If you’re heading to New York this summer (like I am this week), I’ve highlighted some noteable Ukrainian areas in and around the state to see in your travels:
222 East 6th Street
New York, NY 10003-8201, United States
The Ukrainian Museum is the largest museum in the U.S. committed to acquiring, preserving, exhibiting, and interpreting articles of artistic or historic significance to the rich cultural heritage of Ukrainians. It was founded in 1976 by the Ukrainian National Women’s League of America (UNWLA). Each year, the Museum organizes several exhibitions, publishes accompanying bilingual catalogues, and conducts a wide range of public programming, frequently in collaboration with other museums, educational institutions, and cultural centers.
The Museum’s archives boast more than 30,000 items — photographs, documents, the personal correspondence of noted individuals, playbills, posters, flyers, and the like, all documenting the life, history, and cultural legacy of the Ukrainian people. The history of Ukrainian immigration to the United States, which dates back well over 100 years, is chronicled in the Museum’s rich collection of archival photographs.
One of the latest exhibitions being showcased is Ukraine–Sweden: At the Crossroads of History (17th-18th Centuries). The exhibition explores a pivotal period of European history through the prism of the alliance between Sweden, then a preeminent European power, and Ukraine whose Cossack leaders (Hetmans) were striving to establish an independent state.
144 2nd Avenue
New York, NY 10003-8305, United States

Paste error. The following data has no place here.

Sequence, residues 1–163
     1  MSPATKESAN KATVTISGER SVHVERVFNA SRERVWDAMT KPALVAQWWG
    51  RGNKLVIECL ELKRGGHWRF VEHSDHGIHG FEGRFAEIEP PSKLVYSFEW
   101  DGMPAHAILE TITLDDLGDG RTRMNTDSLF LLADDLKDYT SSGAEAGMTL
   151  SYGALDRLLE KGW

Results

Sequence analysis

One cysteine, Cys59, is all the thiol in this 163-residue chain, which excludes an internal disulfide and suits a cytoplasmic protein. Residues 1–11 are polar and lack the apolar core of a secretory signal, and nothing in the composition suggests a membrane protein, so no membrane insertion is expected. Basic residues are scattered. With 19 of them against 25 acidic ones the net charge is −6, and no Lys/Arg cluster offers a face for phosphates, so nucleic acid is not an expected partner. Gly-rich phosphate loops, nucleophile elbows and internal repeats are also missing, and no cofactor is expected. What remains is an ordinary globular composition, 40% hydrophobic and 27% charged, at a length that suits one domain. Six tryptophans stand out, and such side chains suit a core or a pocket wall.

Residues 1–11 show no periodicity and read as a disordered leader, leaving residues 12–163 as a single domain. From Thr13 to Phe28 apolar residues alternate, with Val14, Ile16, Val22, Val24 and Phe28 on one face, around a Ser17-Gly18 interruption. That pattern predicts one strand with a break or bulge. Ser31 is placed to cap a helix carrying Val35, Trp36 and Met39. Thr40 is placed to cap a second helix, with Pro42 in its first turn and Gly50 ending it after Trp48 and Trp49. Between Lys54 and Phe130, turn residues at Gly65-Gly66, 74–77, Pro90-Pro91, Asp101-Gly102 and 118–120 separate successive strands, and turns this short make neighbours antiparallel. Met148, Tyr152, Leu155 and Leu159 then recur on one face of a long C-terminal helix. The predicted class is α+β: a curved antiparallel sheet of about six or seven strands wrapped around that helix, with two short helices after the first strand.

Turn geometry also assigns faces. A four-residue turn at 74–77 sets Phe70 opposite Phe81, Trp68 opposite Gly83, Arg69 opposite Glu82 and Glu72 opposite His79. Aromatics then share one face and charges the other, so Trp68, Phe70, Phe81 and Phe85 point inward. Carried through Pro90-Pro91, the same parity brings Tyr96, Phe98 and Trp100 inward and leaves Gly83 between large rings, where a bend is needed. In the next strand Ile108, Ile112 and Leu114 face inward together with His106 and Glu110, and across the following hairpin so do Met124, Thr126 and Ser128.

Veselka is a 24-hour restaurant in New York City’s East Village. It was established in 1954 by post-World War II Ukrainian refugees Wolodymyr and Olha Darmochawal and is one of the last of the many Slavic restaurants that once proliferated the neighborhood.
It also has released a cookbook: The Veselka Cookbook: Recipes and Stories from the Landmark Restaurant in New York’s East Village.
119 Avenue A
New York, NY 10009-5820, United States
On one side of this gloriously tacky Ukrainian dive, a brightly lit diner caters to senior citizen locals and NYU students pulling all-nighters over coffee. Next door, a kitschy bar and restaurant serves the same greasy, delicious food to a lively crowd of post-collegiate punks on their way to or from the clubs. The ceiling is covered with what looks like red insulation foam; clusters of phallic gourds decorate the walls; and no, that landscape’s not a Rothko, it’s a Rodko.
Soyuzivka – July 16-18
216 Foordmore Rd
Soyuzivka, also known as Suzi-Q or The Q, is a year-round Ukrainian resort and cultural center located in Kerhonkson, New York in the Shawangunk Ridge area south of the Catskill Mountains of upstate New York, providing workshops, seminars, concerts, dance recitals and art exhibits for those interested in learning about Ukraine and its rich culture.
Their annual Ukrainian Cultural Festival is happening this weekend at the resort and will feature bands Hrim, Zrada and Haydamaky.
Rochester Ukrainian Festival – August 12 – 15th
St. Josaphat Ukrainian Catholic Church
Ridge Road East at Stanton Lane
Rochester, New York
The St. Josaphat Ukrainian Festival was established in 1973 as an effort to introduce Ukrainian Arts and Crafts, Ukrainian food, and Ukrainian music and dance to the Rochester community.
The Festival also has a number of vendors who display a variety of Ukrainian Arts and Crafts such as ceramics, embroidery, wood carvings, jewelry and Ukrainian Easter eggs.
Just this weekend Birmingham had it’s Ukrainian Festival:
For more than fifty years Sacred Heart Church in Castle Creek has celebrated their culture with a festival.
This past weekend, more than 2-thousand people attended the Ukrainian Festival.
In addition to the live music, dancing and fresh food, vendors brought a taste of Ukraine back to the United States.
And while some Ukrainians travel thousands of miles to share authentic goods, one man has driven hundreds of miles just to get a taste of the festival.
"he and I are from Oklahoma. We were just on the lake vacationing, but we knew there was a Ukrainian festival and we didn’t want to miss it," said Gary Linsky from Oklahoma.